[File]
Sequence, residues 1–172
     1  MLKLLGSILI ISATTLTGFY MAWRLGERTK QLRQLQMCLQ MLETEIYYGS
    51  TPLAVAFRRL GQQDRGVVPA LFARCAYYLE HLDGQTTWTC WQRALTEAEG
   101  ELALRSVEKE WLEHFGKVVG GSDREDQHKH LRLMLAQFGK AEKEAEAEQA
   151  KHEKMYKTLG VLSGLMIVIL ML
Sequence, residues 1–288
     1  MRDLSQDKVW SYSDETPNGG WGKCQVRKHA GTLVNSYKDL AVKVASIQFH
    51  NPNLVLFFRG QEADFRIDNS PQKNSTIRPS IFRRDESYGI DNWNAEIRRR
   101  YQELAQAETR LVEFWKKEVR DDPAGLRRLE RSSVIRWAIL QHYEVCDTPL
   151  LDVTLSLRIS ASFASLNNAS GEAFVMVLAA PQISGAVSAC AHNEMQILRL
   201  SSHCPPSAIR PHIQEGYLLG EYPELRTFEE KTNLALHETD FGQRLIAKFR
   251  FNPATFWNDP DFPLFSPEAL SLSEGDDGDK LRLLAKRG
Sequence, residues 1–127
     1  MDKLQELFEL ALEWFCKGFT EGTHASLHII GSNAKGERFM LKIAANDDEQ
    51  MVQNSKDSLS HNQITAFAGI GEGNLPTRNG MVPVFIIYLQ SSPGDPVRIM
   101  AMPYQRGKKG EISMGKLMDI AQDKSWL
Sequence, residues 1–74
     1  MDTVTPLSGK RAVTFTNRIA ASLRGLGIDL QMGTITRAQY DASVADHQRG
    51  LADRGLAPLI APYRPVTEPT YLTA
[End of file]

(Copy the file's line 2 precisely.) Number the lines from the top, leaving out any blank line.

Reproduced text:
     1  MLKLLGSILI ISATTLTGFY MAWRLGERTK QLRQLQMCLQ MLETEIYYGS